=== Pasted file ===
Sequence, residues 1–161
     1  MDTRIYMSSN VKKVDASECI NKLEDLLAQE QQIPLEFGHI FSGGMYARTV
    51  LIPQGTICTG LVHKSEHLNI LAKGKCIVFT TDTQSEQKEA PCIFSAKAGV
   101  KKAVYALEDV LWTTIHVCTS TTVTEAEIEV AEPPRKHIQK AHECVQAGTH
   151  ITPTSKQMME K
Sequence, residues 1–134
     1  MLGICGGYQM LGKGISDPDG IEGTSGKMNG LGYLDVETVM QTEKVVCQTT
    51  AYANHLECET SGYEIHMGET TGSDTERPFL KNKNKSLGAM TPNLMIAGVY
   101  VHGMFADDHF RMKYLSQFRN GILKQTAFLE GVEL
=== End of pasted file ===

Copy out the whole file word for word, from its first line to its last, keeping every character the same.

Sequence, residues 1–161
     1  MDTRIYMSSN VKKVDASECI NKLEDLLAQE QQIPLEFGHI FSGGMYARTV
    51  LIPQGTICTG LVHKSEHLNI LAKGKCIVFT TDTQSEQKEA PCIFSAKAGV
   101  KKAVYALEDV LWTTIHVCTS TTVTEAEIEV AEPPRKHIQK AHECVQAGTH
   151  ITPTSKQMME K
Sequence, residues 1–134
     1  MLGICGGYQM LGKGISDPDG IEGTSGKMNG LGYLDVETVM QTEKVVCQTT
    51  AYANHLECET SGYEIHMGET TGSDTERPFL KNKNKSLGAM TPNLMIAGVY
   101  VHGMFADDHF RMKYLSQFRN GILKQTAFLE GVEL